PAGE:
Hungary - v. England, Wembley 1953
Coach: Gustav Sebes
Achievements: 1952 Olympics, record unbeaten run 1950-54, first team to beat England at Wembley, 1954 World Cup finalists.
Key Players: Puskas, Kocsis, Hidegkuti, Czibor, Bozsik, Grocsis
Star Player: Puskas
The Hungarian football team of the 1950’s redefined the sport of soccer, revolutionising the way the game was approached and breaking records along the way. The team, under the visionary leadership of Sebes, and with the sublime on-pitch leadership of Puskas, developed a new style of play which included a revolutionary withdrawn centre-forward role (Hidegutki), a sweeper-keeper and fluid movement between positions for other players, notably Czibor. These are of course, all features that are used to this day. Their revolution was announced dramatically to the world when they became the first foreign team to beat England at home, thrashing the, 6-3 in 1953. Between June 1950 and the Hungarian Revolution in 1956 the Magnificent Magyars compiled a competitive record of forty-two wins, seven draws and only one defeat. The tragedy is that the defeat came in the final of the 1954 World Cup.
Rarely has a single national side been blessed with as many truly world class players inhabiting a single era. Yet Hungary during the 1950’s could call upon the services of a plethora of international stars. The incomparable Ferenc Puskas, arguably the greatest goalscorer in the history of the modern game, with 84 goals in 85 games, captained the team. His strike partner was the equally predatory Sandor Kocsis, a forward whose 75 international goals were plundered in only 68 matches. Completing the triumvirate of attacking geniuses was the deep-lying centre forward Nandor Hidekuti (39 goals in 69 games), the last man to score a hat trick against England at Wembley, way back in 1953.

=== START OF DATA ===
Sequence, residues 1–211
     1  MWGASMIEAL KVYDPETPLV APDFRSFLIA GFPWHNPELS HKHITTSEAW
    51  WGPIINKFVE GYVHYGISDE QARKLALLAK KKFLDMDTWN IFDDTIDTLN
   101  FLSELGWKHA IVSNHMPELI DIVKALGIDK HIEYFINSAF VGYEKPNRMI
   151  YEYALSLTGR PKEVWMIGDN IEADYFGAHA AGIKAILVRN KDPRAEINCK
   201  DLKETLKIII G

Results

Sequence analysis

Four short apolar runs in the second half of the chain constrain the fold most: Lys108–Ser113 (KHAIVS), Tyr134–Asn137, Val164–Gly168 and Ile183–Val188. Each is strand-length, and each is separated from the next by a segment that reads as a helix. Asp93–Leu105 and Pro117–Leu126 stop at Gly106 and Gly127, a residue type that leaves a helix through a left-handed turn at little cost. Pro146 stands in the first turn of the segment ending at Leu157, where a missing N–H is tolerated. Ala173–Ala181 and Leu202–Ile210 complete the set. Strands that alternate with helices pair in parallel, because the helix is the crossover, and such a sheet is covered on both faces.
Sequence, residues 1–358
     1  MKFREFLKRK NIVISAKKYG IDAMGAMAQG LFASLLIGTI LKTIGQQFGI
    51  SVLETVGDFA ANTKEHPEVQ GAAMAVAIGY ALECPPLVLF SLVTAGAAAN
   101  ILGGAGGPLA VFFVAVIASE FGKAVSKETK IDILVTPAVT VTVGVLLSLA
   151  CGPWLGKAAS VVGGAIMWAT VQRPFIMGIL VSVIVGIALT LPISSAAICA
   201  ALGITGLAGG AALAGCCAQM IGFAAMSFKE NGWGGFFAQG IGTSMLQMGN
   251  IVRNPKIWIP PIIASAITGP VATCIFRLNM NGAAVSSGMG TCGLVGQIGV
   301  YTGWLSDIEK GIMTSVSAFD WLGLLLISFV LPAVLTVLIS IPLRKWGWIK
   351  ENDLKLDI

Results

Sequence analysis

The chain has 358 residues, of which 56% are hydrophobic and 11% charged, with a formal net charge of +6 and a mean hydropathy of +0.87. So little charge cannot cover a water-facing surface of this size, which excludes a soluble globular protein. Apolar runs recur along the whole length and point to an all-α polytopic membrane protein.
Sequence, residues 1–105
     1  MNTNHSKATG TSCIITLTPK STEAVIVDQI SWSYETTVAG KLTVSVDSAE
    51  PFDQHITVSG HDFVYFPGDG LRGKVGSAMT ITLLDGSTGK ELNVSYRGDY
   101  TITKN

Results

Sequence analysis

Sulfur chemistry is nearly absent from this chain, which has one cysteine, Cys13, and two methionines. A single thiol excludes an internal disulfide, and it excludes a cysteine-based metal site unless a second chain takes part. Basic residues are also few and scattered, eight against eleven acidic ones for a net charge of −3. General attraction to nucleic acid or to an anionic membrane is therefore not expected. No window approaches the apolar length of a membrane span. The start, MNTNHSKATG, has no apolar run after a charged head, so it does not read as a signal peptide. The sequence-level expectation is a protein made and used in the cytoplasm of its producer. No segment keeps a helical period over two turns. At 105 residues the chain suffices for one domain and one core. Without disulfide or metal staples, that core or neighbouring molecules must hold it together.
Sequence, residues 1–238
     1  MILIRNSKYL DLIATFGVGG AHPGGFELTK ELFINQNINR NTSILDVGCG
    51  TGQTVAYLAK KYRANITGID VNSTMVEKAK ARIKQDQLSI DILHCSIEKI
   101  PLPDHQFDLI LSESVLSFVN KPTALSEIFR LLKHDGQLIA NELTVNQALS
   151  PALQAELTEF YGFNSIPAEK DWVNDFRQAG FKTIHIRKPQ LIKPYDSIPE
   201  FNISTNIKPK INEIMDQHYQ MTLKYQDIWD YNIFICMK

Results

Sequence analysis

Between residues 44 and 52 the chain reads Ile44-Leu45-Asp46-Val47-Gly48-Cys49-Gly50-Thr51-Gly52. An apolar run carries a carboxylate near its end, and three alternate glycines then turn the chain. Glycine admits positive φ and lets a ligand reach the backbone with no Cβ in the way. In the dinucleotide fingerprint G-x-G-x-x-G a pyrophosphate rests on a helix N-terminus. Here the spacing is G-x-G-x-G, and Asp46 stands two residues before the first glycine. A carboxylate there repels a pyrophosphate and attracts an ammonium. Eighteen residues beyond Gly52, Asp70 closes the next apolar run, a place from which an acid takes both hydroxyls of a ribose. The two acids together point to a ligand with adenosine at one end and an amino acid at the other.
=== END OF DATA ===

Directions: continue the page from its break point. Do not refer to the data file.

Aside from the strikers Hungary could call on the services of two other genuinely world class talents. Jozef Bozik in central midfield was the schemer and playmaker, the man who loaded the bullets for the strike force to fire. On the wing the mobile and visionary Zoltan Czibor epitomised the speedy and skilful wide player. Quite simply no other team in the international arena could match the Hungarian juggernaut over an unbeaten run.
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